“It is vitally important that members of the caucus hear from teachers and get a clearer understanding of what’s happening every day in our schools,” says CEA Director of Government Relations Ray Rossomando. “Teachers came from every corner of the state and stayed late into the evening, on a school night, to testify before their elected officials about what matters most to their students, their profession, and the communities where they teach. That has an impact.” Read more
Many Connecticut children are losing out on learning time when disruptive behavior from another student continually interrupts the school day. Problematic student behavior is a major problem in our schools, but many legislators aren’t aware of what’s happening in your classroom. They need to hear your stories.
On Friday, February 22, the legislature’s Education Committee will be holding a public hearing on legislation that protects students and teachers from dangerous situations in the classroom, and provides support and services for students who act out. Legislators need to hear from you!
Click here to submit written testimony now.
You can submit your story under your own name, or anonymously.
If you are interested in testifying and sharing your story in person with the Education Committee on February 22, please contact email@example.com.
There’s a crisis of disrupted learning not just in Connecticut, but across the U.S., and the Oregon Education Association today released a report on the conditions students and educators are facing in schools.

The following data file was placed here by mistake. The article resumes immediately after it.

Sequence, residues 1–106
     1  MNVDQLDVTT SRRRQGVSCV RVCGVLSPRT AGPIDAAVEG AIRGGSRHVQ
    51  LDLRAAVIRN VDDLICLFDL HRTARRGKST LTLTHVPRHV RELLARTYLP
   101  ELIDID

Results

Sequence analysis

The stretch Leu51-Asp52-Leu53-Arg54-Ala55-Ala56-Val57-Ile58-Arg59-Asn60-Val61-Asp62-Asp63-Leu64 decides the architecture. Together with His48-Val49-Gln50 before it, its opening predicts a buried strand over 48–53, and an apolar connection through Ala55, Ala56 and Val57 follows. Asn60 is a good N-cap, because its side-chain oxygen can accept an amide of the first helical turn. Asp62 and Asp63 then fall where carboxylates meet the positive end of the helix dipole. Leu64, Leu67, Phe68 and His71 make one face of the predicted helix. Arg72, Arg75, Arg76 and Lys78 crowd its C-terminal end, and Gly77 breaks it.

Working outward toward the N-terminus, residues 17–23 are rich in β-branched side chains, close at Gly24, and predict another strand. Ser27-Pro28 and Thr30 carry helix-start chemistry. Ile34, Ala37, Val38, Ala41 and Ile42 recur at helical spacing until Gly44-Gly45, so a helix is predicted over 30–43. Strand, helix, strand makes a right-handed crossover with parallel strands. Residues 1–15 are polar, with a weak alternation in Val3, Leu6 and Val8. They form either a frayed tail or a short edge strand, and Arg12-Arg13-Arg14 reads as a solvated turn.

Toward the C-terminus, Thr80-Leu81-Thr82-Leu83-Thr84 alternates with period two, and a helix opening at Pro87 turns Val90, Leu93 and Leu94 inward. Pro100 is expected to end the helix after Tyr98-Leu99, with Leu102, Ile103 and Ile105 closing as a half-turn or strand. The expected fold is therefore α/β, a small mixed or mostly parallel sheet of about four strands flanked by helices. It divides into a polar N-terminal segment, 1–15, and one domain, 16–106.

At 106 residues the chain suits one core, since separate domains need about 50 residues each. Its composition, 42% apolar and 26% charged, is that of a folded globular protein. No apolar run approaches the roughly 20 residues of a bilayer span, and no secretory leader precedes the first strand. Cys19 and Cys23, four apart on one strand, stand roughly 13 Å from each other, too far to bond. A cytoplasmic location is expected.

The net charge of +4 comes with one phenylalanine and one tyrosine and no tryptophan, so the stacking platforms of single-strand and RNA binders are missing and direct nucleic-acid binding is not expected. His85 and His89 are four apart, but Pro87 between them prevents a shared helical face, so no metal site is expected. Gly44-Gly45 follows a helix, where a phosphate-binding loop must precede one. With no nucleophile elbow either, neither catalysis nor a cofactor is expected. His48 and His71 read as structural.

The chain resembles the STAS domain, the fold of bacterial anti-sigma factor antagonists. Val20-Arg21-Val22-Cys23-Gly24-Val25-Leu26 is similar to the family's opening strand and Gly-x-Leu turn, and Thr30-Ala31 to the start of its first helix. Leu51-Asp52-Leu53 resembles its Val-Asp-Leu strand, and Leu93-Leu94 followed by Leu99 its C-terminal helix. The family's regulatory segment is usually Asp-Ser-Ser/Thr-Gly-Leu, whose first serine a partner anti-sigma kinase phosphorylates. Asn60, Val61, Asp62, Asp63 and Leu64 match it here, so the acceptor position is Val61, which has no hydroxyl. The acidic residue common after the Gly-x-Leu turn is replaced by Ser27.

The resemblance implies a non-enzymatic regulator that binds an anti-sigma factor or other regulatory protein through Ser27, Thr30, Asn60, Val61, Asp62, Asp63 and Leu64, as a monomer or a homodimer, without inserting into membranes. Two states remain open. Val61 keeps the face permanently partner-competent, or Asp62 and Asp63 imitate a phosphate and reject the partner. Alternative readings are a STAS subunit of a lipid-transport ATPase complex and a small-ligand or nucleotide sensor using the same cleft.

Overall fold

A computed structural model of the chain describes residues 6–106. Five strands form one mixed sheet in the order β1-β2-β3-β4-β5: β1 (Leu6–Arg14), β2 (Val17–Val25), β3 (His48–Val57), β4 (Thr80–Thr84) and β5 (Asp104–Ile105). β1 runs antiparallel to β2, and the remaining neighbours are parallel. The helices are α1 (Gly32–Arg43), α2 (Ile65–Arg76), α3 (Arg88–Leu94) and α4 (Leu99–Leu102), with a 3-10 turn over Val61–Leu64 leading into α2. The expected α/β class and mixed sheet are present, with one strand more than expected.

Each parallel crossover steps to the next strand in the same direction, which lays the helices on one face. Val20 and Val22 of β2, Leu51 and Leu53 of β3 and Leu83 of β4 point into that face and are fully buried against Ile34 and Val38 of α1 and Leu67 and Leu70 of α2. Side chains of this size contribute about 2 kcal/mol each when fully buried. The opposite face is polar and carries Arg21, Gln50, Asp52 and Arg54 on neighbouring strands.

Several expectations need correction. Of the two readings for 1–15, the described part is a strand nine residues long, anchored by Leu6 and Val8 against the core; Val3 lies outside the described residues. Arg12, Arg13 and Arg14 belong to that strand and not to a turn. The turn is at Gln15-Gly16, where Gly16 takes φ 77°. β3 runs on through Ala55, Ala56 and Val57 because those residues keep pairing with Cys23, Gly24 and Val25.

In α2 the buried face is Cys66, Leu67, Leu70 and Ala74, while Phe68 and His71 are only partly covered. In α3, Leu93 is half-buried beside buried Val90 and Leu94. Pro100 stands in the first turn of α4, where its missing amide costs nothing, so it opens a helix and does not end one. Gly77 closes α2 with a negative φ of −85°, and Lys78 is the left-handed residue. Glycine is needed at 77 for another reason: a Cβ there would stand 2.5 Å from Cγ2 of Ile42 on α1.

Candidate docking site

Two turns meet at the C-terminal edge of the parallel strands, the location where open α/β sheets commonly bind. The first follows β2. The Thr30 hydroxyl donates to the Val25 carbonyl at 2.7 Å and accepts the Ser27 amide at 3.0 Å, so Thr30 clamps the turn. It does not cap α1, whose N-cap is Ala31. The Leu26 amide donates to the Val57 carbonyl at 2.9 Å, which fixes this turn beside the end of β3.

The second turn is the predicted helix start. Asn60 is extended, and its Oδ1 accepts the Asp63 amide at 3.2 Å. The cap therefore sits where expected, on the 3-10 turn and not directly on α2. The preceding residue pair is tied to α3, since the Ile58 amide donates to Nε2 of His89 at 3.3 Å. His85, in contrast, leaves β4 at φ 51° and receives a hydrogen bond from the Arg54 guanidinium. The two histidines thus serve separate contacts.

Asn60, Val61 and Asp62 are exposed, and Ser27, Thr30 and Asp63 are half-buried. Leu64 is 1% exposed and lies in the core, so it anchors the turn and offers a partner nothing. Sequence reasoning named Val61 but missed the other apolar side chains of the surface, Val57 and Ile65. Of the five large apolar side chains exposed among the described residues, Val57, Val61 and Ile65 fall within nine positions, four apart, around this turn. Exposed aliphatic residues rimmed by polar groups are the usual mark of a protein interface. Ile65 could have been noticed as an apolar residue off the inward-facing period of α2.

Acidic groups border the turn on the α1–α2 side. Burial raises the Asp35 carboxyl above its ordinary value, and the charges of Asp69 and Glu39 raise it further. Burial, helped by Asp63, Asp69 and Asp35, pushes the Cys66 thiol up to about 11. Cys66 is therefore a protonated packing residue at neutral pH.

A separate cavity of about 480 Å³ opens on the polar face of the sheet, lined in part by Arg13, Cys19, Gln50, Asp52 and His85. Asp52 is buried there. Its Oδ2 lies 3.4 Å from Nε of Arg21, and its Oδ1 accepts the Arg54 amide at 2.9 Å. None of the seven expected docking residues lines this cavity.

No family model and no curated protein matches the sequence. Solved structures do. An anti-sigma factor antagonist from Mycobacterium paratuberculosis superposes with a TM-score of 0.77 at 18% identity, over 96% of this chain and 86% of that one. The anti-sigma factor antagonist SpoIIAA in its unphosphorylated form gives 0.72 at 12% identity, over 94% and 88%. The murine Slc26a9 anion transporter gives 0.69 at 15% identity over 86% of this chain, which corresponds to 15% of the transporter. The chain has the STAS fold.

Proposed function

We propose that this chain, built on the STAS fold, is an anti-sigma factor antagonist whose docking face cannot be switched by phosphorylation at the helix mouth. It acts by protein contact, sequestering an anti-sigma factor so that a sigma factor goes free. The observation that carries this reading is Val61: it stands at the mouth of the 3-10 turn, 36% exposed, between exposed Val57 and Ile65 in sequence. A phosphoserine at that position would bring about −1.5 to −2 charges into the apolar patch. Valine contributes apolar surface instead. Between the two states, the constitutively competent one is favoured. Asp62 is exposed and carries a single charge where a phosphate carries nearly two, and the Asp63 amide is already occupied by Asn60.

Some Oregon teachers talked to a local news station about the disruptions they face daily.
Teachers in Connecticut experience many of these same situations, but legislators are unaware of the severity and pervasiveness of the problem.
Share your own story (anonymously if you so choose) to make legislators aware of the need for action to make classrooms safe for all students and teachers.
To arrange for a teacher-legislator get-together in your district, contact your local association president and CEA’s Chris Donovan or Robyn Kaplan-Cho.
CEA Program Development Specialist Robyn Kaplan-Cho and CEA Executive Director Donald Williams serve on the Classroom Safety Working Group
At its second meeting today, the classroom safety working group continued an ongoing discussion seeking to come to agreement on language for a bill that could be raised by the General Assembly in 2019.
The group, which was created after Governor Malloy vetoed a classroom safety bill that had resoundingly passed the state House and Senate last spring, has been offering feedback on a new draft bill authored by CEA.
CEA Executive Director Donald Williams reminded group members of the critical nature of their task.
“The Connecticut General Assembly last legislative session heard extensive testimony from teachers about the increase in problematic student behaviors that are causing harm to other students and teachers,” Williams said. Read more
Legislators failed to protect students and teachers—and lost the best chance Connecticut has had to increase classroom safety for all students and reduce discriminatory discipline for students of color and special education students—when they failed today to override Governor Malloy’s veto of the classroom safety bill.
“It is truly disheartening that legislators and the governor denied protections for the safety of students and teachers, and proactive supports to help students who cause physical injury to others,” said CEA President Sheila Cohen. “The only way to end the school-to-prison pipeline is to take actions that hold administrators accountable for ensuring that students receive the resources they need. We are disappointed that legislators, who passed this bill with overwhelming bipartisan support, failed to override the governor’s veto and enact this bill into law.”